If you assume a Trump +20% lean for every county, the county with the highest gap in raw numbers between Trump & Biden voters is Maricopa County, Arizona, where this methodology puts it at a little over 1,000 more Trump voters having died of COVID since the 2020 election than Biden voters. At the opposite end, it assumes around 3,800 more Biden voters have died than Trump voters in Los Angeles (which, of course, is the largest county in the United States, with more than 10 million residents).
In terms of legislative races, it's impossible to say what sort of impact this will have, since my data is by county, while legislative maps often slice up counties into multiple districts, merge counties with wildly different demographics together, or both.
What about at the statewide level? Here's what the above assumptions look like at the baseline, Trump +10% and Trump +20% levels:
Assuming my methodology is reasonably close to accurate, McNeil's lede is overstating the situation quite a bit. Here's the the 6 key 2020 swing states won by Biden, assuming the "Trump+20%" estimates above:
- Arizona: ~2,400 (2020 margin: 10,500)
- Georgia: ~4,200 (2020 margin: 11,800)
- Michigan: ~3,500 (2020 margin: 154,200)
- Nevada: ~700 (2020 margin: 33,600)
- Pennsylvania: ~6,000 (2020 margin: 80,600)
- Wisconsin: ~1,800 (2020 margin: 20,700)
Here the states with close 2020 margins won by Trump:
- North Carolina: ~3,500 (2020 margin: 74,500)
- Florida: ~8,300 (2020 margin: 371,700)
- Texas: ~10,800 (2020 margin: 631,200)
- Ohio: ~6,100 (2020 margin: 475,700)
- Iowa: ~1,800 (2020 margin: 138,600)
- Alaska: ~200 (2020 margin: 36,200)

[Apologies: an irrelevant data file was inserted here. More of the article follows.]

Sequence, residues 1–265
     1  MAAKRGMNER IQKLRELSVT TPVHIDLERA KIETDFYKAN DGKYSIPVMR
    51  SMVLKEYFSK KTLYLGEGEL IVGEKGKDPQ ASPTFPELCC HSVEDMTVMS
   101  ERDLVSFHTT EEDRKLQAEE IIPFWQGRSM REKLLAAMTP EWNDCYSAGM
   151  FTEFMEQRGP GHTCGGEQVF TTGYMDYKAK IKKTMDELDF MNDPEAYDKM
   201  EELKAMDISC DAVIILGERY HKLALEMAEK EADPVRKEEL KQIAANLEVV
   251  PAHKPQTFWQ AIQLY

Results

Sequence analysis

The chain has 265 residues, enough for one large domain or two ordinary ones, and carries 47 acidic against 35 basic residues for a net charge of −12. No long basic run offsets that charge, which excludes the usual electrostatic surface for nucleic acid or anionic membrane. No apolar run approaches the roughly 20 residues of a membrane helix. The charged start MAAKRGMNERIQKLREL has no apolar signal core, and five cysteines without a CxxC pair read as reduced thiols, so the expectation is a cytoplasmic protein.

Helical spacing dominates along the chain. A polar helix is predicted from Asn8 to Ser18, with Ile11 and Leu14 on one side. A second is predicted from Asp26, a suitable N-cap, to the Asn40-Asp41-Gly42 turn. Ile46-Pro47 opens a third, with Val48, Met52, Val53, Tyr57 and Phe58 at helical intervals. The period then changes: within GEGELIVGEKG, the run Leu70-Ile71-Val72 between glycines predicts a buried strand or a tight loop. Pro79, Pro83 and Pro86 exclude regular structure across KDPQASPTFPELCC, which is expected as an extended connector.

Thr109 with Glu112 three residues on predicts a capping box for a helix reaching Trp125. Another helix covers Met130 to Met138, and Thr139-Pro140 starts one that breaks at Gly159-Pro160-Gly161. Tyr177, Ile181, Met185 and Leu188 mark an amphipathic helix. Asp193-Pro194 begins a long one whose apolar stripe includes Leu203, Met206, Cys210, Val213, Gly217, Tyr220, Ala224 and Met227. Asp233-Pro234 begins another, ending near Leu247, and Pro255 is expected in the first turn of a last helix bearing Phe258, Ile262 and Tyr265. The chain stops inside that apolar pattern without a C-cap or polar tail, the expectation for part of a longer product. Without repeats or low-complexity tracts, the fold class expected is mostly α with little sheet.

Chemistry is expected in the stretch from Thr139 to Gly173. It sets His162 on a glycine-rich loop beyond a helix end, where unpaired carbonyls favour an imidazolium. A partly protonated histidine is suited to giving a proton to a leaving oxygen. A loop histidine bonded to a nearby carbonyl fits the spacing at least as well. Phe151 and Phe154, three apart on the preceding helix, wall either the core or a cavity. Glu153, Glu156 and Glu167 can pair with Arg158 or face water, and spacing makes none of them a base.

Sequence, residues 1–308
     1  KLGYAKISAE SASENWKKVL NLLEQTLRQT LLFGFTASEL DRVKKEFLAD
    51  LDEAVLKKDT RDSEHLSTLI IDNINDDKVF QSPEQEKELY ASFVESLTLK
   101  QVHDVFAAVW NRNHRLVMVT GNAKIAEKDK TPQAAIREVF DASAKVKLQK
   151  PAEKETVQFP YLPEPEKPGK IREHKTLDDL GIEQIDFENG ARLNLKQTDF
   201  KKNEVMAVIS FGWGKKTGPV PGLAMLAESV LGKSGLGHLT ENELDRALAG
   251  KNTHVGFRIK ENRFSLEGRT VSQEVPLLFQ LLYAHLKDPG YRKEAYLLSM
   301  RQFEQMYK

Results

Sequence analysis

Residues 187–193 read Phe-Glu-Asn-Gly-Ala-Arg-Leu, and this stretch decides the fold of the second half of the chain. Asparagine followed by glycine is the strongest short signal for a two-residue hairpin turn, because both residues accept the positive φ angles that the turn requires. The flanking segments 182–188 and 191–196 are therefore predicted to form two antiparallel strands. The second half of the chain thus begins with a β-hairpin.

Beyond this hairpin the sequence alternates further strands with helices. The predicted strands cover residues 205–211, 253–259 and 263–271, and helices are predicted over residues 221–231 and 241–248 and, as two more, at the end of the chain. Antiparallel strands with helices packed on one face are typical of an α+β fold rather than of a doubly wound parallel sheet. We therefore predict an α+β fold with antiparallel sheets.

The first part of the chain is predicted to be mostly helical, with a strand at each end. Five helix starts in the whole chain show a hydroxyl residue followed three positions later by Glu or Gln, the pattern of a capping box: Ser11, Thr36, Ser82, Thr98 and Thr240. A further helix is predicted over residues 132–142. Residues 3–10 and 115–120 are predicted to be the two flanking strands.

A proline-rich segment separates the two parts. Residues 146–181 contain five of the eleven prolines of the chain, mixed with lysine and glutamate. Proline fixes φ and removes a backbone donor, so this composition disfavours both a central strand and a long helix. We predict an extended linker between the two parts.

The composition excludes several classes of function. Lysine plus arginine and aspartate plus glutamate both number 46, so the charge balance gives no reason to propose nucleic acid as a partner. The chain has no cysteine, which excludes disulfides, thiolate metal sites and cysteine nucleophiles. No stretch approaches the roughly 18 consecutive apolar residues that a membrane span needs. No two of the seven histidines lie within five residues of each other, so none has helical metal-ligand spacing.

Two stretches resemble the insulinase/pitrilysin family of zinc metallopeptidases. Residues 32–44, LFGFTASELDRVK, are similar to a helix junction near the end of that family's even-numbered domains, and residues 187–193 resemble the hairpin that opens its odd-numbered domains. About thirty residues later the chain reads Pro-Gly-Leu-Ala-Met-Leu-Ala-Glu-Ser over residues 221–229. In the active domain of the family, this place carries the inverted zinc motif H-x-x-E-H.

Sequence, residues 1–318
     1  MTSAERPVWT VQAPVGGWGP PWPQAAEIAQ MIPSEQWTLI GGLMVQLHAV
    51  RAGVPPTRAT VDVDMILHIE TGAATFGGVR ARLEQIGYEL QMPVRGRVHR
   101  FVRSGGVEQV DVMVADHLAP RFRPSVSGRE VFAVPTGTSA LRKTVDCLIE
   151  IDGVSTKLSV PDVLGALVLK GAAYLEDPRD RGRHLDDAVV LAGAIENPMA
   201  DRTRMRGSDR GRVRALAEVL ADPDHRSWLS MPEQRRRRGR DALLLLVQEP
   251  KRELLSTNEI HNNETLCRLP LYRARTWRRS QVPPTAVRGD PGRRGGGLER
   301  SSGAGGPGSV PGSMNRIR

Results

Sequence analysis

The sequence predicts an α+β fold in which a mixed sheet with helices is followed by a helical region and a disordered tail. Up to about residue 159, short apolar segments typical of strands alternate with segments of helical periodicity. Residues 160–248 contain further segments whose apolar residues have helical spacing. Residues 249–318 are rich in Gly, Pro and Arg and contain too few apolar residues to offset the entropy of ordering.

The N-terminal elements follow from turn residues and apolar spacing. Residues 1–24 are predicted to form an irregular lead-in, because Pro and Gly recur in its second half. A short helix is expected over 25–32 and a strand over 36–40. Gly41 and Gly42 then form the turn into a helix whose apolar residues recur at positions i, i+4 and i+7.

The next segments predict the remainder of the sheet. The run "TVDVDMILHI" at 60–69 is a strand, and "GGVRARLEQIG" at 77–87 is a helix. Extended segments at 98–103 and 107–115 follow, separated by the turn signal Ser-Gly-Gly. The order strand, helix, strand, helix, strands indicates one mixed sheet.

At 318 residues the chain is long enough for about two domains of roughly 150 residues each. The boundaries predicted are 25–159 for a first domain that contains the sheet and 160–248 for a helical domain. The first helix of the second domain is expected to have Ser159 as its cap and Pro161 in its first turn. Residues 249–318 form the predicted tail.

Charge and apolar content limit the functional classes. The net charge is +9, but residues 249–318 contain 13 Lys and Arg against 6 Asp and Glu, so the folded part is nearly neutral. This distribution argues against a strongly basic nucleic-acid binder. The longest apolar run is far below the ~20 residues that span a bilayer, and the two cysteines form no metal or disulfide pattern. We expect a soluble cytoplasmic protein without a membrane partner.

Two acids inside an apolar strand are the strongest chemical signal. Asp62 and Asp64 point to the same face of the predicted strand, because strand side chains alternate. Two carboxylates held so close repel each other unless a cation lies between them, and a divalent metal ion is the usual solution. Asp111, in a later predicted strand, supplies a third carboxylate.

Again: The net gap between Trump & Biden COVID deaths will likely continue to increase somewhat between now and November, but aside from a handful of extremely close races, I doubt that will be enough to make the difference in who ends up winning.
For that matter, even if the "death gap" numbers were significantly higher, it won't mean much if millions of Americans who voted for Biden and/or other Dems in 2020 decide to flip or simply don't show up at all in 2022 because they blame him for the pandemic continuing. As I noted back in September:
This is perhaps the most cynical thing I've ever typed in a blog entry, but there's no getting around it:
GOP leadership, FOX News, Trump/MAGA etc don't appear to care how many of their own voters die as long as they damage President Biden's approval rating in the process.
While I'm sure they'd much rather every person who dies of COVID be a Democrat, losing ~250,000 of their own supporters appears to be a small price to pay if it results in them flipping control of the House and/or Senate next year.
At the time, I coached this in grave language to make it clear that this was a shocking statement.
Once again, this scene from "Class Action" boils their entire strategy down to its essence:
Maggie: May I ask a question, please?
Maggie: Why didn't you just change the blinker circuit? It's just a question.
Getchell: I told Flannery about the problem a month or so before he died. He called in his head bean counter.
Maggie: What's that? Risk management expert, right?
Getchell: Yeah. Flannery shows him the data and asks him how much it would cost to retrofit...
Maggie: You mean recall?
Getchell: Yeah, you got it. To retrofit 175,000 units. Multiply that times 300 bucks a car, give or take. You're looking at around $50 million.
So the risk guy, he crunches the numbers some more. He figures you'd have a fireball collision about every 3,000 cars.
That's 158 explosions. Which is almost as many plaintiffs as there are. These guys know their numbers.
So you multiply that times $200,000 per lawsuit. That's assuming everybody sues and wins. 30 million max.
See? It's cheaper to deal with the lawsuits than it is to fix the blinker.
It's what the bean counters call a simple actuarial analysis.